Here are some simple tips to help skin care, prevent damage and reduce the risk of infections:

• Do not have blood samples or blood pressure taken on the affected limp. 
• Treat even small grazes and cuts straight away.
• Moisturize skin every day by gently applying non-perfumed cream. This helps the skin to remain supple and in good condition.
• Avoid excessively hot baths, as they tend to increase swelling. Avoid saunas, steam rooms and sun beds.
• Don’t allow sitting too close to a fire or other source of heat.
• Wear gloves for washing up and other household tasks in order to avoid cuts.
• Wear gloves and long-sleeved clothing when handling animals or gardening.
• Avoid sunburn.
• Cut the nails with nail clippers and apply hand cream regularly.


2. Compression sleeves and stockings.

This is an important way of controlling swelling. The sleeve or stocking works by compressing the swollen tissues and preventing fluid from building up. The support allows the muscles to pump fluid away more effectively. If the sleeve or stocking causes pins and needles, pain, or a change in colour of the fingers and the toes, then it is too tight. Remove the garment as soon as you notice any of these signs. If it is too loose it will not control the swelling and will need to be refitted.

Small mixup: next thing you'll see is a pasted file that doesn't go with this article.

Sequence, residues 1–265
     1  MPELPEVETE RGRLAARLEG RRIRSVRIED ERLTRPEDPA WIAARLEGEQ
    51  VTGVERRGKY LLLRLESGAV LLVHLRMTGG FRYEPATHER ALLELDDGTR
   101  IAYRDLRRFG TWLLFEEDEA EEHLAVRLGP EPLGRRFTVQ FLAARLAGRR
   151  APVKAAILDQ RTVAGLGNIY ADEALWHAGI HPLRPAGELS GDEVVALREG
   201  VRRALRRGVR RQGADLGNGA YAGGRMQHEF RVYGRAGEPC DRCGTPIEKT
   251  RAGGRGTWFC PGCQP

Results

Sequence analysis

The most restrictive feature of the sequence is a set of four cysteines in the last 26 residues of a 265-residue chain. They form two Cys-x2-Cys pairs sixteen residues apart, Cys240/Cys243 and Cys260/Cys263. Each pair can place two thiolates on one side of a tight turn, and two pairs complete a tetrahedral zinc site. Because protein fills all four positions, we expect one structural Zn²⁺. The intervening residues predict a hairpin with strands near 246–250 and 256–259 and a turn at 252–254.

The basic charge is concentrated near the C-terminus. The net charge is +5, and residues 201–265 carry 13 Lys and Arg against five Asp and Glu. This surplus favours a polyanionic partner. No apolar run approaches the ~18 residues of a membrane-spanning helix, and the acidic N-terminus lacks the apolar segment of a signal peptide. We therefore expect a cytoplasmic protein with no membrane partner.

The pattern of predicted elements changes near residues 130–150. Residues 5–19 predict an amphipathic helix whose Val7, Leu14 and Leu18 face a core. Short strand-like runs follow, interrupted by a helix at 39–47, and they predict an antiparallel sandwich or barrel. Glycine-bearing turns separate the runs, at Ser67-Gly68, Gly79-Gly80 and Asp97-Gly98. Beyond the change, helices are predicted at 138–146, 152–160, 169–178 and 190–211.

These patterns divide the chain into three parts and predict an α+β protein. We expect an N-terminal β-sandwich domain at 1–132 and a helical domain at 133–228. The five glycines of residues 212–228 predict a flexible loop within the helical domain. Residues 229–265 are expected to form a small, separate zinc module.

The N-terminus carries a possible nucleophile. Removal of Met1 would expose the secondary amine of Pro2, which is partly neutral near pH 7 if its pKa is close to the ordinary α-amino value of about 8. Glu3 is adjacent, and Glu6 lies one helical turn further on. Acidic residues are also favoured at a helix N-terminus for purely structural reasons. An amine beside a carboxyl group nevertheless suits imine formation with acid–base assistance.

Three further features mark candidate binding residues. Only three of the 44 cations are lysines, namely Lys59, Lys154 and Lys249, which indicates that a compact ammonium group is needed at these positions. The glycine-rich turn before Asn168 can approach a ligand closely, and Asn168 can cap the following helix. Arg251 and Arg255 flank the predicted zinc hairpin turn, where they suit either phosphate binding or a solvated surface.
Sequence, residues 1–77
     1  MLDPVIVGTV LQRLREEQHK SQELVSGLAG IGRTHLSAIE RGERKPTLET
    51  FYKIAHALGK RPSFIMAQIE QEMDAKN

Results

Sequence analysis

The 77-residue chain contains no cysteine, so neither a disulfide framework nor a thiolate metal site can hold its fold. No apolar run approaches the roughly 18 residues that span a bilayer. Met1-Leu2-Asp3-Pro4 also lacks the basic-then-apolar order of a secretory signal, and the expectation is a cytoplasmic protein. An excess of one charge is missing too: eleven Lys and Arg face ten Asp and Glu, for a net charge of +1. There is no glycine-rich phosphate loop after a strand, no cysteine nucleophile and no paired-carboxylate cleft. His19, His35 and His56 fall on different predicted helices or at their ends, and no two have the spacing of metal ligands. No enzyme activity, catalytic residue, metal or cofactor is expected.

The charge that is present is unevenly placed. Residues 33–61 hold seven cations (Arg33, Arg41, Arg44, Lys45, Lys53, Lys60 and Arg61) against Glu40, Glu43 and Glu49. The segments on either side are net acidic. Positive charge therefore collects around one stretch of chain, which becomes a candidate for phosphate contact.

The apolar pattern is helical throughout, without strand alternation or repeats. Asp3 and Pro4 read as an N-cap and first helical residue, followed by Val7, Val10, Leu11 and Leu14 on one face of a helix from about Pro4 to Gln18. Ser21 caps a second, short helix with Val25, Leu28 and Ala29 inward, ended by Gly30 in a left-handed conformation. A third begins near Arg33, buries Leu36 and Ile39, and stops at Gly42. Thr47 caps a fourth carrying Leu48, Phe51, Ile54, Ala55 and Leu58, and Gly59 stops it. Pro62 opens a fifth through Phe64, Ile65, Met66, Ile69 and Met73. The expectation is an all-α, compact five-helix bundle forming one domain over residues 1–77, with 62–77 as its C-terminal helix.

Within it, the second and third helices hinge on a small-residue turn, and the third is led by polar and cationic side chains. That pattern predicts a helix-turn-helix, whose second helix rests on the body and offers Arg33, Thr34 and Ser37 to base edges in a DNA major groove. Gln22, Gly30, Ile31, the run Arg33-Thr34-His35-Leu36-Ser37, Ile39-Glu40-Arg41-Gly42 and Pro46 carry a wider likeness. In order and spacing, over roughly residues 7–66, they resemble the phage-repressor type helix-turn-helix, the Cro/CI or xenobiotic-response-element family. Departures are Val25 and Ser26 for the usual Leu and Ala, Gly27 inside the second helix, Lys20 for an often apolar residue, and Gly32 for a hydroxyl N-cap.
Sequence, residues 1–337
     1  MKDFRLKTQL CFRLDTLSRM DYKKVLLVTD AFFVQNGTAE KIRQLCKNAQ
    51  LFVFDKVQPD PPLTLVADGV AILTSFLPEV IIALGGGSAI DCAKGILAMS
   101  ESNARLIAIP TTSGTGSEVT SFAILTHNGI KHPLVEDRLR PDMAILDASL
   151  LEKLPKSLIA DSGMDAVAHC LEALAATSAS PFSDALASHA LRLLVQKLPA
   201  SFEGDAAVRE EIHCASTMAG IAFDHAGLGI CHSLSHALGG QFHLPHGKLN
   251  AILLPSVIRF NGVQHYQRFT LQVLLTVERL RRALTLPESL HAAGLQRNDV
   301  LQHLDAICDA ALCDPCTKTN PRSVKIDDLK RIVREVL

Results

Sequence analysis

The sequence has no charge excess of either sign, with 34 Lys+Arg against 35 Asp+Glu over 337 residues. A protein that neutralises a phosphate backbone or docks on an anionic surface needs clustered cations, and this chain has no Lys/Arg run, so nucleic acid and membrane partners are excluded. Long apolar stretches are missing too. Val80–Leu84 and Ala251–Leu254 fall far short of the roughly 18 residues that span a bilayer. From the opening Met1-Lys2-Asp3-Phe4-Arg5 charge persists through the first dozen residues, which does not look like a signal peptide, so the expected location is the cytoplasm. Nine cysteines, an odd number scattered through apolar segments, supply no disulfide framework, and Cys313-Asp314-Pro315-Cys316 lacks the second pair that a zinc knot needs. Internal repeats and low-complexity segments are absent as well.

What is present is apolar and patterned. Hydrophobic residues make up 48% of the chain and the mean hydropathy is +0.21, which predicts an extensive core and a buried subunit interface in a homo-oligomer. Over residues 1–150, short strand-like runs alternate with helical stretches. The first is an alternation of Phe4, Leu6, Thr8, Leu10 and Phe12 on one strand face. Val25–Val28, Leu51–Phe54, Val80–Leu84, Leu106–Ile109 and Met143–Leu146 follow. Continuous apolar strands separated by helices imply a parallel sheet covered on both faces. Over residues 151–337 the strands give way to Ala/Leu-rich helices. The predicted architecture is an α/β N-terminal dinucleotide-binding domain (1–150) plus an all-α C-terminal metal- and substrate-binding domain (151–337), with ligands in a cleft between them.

A compression sleeve should be worn all day but usually it should be removed at night. If the patient travels for a long distance, especially by air, she should wear her compression garment for the full duration of the journey and keep it for some hours after the end of the trip.

Helpful hints for putting on a compression sleeve.

• Keep your nails short, and remove all jewelry when applying or removing the garment.
• Try to put it on first thing in the morning, preferably before getting out of bed.
• If you are having difficulty putting it on apply a little unperfumed talc to your arm before fitting. 
• Don’t try to put the sleeve on immediately after a bath or a shower.
• Moisturize your skin at night after you have removed your garment.
• If your arm is very swollen it may be difficult to fit a compression sleeve. In this case elastic bandages are used as the first part of the treatment.

3. Limp positioning and movement.

Careful positioning of an affected limp at resting or sitting can help to prevent full swelling. We can use gravity to help drain away excess fluid, as well as movement of the muscles helps to push fluid around the body.

These guidelines will help someone to position an affected limp correctly:

• When sitting down, rest your arm fully supported on a cushion paced on the edge of a chair.